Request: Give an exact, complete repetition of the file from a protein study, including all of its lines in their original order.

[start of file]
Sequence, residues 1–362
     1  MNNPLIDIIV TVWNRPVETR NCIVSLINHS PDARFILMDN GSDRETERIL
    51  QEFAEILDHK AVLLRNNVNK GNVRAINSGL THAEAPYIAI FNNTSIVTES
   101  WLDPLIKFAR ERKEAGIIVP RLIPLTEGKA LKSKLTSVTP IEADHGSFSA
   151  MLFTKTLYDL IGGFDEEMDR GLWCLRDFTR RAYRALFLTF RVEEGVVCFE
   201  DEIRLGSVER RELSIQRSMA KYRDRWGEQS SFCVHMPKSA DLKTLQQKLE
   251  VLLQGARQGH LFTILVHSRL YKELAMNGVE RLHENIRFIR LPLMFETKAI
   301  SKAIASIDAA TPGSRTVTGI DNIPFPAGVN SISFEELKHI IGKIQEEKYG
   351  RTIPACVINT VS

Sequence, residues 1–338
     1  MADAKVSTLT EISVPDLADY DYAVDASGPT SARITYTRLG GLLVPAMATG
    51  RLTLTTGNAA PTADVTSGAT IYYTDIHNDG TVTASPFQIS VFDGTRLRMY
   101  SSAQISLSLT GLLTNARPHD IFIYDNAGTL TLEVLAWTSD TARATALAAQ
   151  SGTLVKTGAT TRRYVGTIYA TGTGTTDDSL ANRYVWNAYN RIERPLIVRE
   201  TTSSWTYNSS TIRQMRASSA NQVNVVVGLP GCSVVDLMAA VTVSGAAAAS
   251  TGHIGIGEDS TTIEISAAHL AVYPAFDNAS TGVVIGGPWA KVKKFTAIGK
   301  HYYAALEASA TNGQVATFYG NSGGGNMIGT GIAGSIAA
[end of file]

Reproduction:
Sequence, residues 1–362
     1  MNNPLIDIIV TVWNRPVETR NCIVSLINHS PDARFILMDN GSDRETERIL
    51  QEFAEILDHK AVLLRNNVNK GNVRAINSGL THAEAPYIAI FNNTSIVTES
   101  WLDPLIKFAR ERKEAGIIVP RLIPLTEGKA LKSKLTSVTP IEADHGSFSA
   151  MLFTKTLYDL IGGFDEEMDR GLWCLRDFTR RAYRALFLTF RVEEGVVCFE
   201  DEIRLGSVER RELSIQRSMA KYRDRWGEQS SFCVHMPKSA DLKTLQQKLE
   251  VLLQGARQGH LFTILVHSRL YKELAMNGVE RLHENIRFIR LPLMFETKAI
   301  SKAIASIDAA TPGSRTVTGI DNIPFPAGVN SISFEELKHI IGKIQEEKYG
   351  RTIPACVINT VS

Sequence, residues 1–338
     1  MADAKVSTLT EISVPDLADY DYAVDASGPT SARITYTRLG GLLVPAMATG
    51  RLTLTTGNAA PTADVTSGAT IYYTDIHNDG TVTASPFQIS VFDGTRLRMY
   101  SSAQISLSLT GLLTNARPHD IFIYDNAGTL TLEVLAWTSD TARATALAAQ
   151  SGTLVKTGAT TRRYVGTIYA TGTGTTDDSL ANRYVWNAYN RIERPLIVRE
   201  TTSSWTYNSS TIRQMRASSA NQVNVVVGLP GCSVVDLMAA VTVSGAAAAS
   251  TGHIGIGEDS TTIEISAAHL AVYPAFDNAS TGVVIGGPWA KVKKFTAIGK
   301  HYYAALEASA TNGQVATFYG NSGGGNMIGT GIAGSIAA